Everytime You Go Away

Album: The Secret Of Association (1985)
Charted: 4 1
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Songfacts®:

  • This was written by Daryl Hall and originally recorded by Hall & Oates for the duo's 1980 album, Voices, but was not released as a single; Young's version became a hit nearly five years later. In the October 16, 2009 issue of Entertainment Weekly, Daryl Hall listed this as one of his favorite Hall & Oates songs and explained: "Paul Young had a pop hit with it a few years after we released it. It's just one of those songs. I feel very proud of its craftsmanship."
  • This was the biggest hit for Young. He contributed to Band Aid in 1984 and had hits with covers of R&B classics "Oh Girl" and "What Becomes Of The Brokenhearted."
  • This song became one of the biggest hits with a grammar gaffe in the title. "Everytime" is not a word, so it should read "Every Time You Go Away." Young could point the finger at songwriter Daryl Hall or just enjoy the company of other grammatically questionable songs.
  • The video was one of the first directed by Nick Morris, who soon after did the iconic video for Europe's "The Final Countdown." In our interview with Morris, he explained: "Paul Young, I'd seen him loads of times as a student because he used to play all these club nights at universities and so on. I knew he was a really good live, sweaty, rock and roll guy, and I wanted to capture that. That's why we used the slow motion, that's why we used the backstage stuff."

    Creating a video for a mid-tempo song that showcases the artist was not an easy task, but the slow motion, desaturated look with lots of candid shots worked very well. This style was copied by a number of other artists, notably Bon Jovi in their video for "Wanted Dead Or Alive."
  • Clay Aiken covered this on his 2006 album, A Thousand Different Ways.
  • Young's success with the song didn't produce any sour grapes for Daryl Hall, who credited him with tapping into the commercial potential he failed to see the first time around. Hall told Music Connection: "I never thought of it any other way than the way it was 'til Paul Young did it ... I was just doin' a kind of gospel/soul song; that was all I had in mind for it. I was really surprised to hear the production they did because it kept the elements but commercialized it - made it sound like a pop record."
  • Hall and Young performed this as an extended duet at a New York show in 1985.
  • In a 2014 Songfacts interview, Daryl Hall said he still counts this as one of his favorite covers of a Hall & Oates song.
  • The Hall & Oates version of this song is featured in the 2009 romantic comedy The Rebound, starring Catherine Zeta-Jones and Justin Bartha.

Comments: 10

  • Jim from Long Beach, CaYeah, that is the pat of the film that gets me too. This is a great song, it brings me back to the mid-80's which was part of my life when time stood still. Thanks.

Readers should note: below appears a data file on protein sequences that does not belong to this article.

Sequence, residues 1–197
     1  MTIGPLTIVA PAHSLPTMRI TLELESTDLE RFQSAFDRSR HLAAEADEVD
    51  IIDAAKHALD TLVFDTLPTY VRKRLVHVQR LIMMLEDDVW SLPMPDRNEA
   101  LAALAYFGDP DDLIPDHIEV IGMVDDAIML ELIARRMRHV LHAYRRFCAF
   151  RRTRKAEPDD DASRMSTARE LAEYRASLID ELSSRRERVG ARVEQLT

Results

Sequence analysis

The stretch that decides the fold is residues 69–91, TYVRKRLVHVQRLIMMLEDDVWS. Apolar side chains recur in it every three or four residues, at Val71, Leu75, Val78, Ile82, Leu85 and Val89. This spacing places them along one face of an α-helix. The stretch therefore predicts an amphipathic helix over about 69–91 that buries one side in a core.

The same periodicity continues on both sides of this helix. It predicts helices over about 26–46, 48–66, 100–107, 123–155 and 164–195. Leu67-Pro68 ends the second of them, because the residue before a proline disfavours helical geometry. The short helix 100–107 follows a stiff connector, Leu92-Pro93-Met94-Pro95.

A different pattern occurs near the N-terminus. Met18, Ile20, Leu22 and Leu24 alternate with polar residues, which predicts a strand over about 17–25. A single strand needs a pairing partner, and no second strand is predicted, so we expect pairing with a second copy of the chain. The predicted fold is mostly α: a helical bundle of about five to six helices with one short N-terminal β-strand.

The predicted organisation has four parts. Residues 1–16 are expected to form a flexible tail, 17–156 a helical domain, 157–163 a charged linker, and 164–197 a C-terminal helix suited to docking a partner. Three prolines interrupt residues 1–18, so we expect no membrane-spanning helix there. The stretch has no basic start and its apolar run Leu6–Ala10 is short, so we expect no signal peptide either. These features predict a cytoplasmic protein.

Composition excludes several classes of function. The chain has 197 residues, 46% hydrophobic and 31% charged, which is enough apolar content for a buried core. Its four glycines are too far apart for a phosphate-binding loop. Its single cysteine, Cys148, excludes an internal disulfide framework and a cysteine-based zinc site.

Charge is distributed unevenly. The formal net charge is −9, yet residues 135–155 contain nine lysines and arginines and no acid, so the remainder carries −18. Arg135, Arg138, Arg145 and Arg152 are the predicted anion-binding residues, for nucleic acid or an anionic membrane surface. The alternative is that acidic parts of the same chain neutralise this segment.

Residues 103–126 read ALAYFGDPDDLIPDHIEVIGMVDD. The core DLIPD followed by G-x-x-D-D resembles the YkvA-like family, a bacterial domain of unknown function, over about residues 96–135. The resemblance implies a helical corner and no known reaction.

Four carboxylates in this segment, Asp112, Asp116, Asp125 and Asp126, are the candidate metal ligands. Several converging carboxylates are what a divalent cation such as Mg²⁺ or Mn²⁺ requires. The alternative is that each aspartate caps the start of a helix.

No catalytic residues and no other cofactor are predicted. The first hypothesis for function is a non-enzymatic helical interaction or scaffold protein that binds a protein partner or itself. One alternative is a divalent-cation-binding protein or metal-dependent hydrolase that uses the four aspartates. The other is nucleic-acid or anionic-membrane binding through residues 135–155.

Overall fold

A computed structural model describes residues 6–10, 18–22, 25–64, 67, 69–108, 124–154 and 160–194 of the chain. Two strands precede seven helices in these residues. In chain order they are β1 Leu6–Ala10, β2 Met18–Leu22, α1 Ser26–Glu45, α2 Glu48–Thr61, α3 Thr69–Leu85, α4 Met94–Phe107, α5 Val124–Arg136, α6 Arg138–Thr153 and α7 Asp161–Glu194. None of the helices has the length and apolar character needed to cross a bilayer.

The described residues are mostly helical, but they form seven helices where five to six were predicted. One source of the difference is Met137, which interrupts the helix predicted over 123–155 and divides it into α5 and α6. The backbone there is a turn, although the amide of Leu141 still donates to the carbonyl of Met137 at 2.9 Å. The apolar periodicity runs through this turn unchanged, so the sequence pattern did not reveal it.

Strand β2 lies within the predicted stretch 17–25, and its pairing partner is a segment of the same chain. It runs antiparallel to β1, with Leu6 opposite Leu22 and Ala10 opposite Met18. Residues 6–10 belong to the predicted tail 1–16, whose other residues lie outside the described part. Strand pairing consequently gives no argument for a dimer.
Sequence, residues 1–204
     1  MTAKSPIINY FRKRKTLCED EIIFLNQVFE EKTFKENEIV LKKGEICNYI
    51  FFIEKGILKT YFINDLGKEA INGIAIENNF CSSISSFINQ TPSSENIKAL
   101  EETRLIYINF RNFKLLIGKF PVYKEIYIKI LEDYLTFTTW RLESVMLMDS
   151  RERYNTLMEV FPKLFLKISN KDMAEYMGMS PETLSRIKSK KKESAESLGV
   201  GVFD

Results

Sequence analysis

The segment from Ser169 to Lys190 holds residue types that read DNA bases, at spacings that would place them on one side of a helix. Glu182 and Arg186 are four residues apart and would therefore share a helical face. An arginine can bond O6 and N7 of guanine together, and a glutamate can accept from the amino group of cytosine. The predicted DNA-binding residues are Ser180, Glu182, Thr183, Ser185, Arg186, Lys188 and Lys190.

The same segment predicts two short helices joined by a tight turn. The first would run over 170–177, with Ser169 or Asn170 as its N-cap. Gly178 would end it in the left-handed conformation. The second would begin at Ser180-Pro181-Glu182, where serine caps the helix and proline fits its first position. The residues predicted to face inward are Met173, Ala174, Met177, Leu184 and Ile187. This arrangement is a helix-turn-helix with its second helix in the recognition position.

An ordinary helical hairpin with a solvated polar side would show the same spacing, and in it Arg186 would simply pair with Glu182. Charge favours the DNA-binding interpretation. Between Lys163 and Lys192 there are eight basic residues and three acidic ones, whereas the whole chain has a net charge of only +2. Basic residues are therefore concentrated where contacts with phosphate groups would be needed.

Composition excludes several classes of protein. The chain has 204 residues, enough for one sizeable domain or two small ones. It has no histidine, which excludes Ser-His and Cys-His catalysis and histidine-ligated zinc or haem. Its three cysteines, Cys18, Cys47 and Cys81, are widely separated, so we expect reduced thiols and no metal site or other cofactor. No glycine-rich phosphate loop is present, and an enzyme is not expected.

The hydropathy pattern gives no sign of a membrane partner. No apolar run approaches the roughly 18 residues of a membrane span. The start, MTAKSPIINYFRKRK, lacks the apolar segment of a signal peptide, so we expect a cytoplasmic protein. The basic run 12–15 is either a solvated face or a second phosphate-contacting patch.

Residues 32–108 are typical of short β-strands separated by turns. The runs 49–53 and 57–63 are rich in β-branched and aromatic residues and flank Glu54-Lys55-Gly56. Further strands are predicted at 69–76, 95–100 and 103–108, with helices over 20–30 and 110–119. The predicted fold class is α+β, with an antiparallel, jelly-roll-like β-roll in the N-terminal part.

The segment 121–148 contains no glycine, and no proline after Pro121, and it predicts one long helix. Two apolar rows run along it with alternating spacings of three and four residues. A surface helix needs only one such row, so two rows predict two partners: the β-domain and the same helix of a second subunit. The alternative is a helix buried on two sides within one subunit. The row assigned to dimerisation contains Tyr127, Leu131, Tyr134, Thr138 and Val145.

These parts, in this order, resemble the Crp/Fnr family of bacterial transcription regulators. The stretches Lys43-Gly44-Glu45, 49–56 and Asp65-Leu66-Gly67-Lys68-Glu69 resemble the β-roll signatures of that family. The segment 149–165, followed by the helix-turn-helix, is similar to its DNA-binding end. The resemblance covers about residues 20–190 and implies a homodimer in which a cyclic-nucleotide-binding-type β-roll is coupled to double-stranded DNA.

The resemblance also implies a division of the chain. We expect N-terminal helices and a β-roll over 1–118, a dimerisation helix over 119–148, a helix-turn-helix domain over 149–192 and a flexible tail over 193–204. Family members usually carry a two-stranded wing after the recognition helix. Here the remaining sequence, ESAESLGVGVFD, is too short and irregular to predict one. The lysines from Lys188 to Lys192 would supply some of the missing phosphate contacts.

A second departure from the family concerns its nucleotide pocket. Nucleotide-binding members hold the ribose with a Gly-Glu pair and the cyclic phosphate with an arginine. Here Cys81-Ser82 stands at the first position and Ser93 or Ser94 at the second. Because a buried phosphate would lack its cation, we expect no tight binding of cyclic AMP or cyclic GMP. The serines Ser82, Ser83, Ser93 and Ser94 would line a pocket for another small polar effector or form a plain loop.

• John from Grand Island, NyIn the final scene of the John Hughes classic 1987 comedy "Planes, Trains and Automobiles" this song is played (sung by another artist). No matter how many times I watch that movie (in the hundreds now), I still get misty during that scene as the entire movie comes together and you find out that John Candy's character (Del Griffith) is homeless after the death of his wife whom he dearly loved. It is a scene that is wonderfully acted out by a truly underappreciated Candy. Sadly John Hughes life ended this past summer.
  • Slav from Warsaw, PolandThis a lovely song. I think that all people are run by their desires so they can see in it what they want or rather what their defects are. If you like canabis or other drugs, you wiil read it says about it. If you are a drunkard, you find it talking about abuse of spirit.If you tend to be a sort 'young female buds' lover, you acnowledge it talking about sex. So it is not the song that says about different evils, but perverted human minds which can notice things in accordance with their curved desires. It is as simple as that.
  • Lee from Euclid, OhThis has long been one of my favorite songs in the sense that I loved hearing it despite even when it got so much radio airplay when it was first considered a *hit*, that you'd normally tire of listening to it.
    I still feel the same way about it today.
  • Kal from Worthing, EnglandJust another okay UK copy of a great song written by an American.
  • Joshua from Twin Cities, MnCorrection: The "other" Paul Young died from a heart attack, not an aneurysm.
  • Joshua from Twin Cities, MnInterestingly, at about the same time this song charted in the U.S., a different singer named Paul Young also charted as a member of Mike & the Mechanics with "All I Need Is A Miracle". That Paul Young would record five albums with Mike & the Mechanics before dying of a brain aneurysm in 2000.
  • Anne from Atlanta, GaThey play this song at the end of the movie, "Planes, Trains, and Automobiles," when Steve Martin and John Candy finally make it home.
  • Tony (joycey) from Liverpool, EnglandWhile this was his biggest international hit Paul had a No1 hit in the UK with his third single 'wherever I lay my hat' in 1983
  • Geoff from San Francisco, CaThe bass player on Paul's version is Pino Palladino, and it's one of the most recognizable fretless bass in music.
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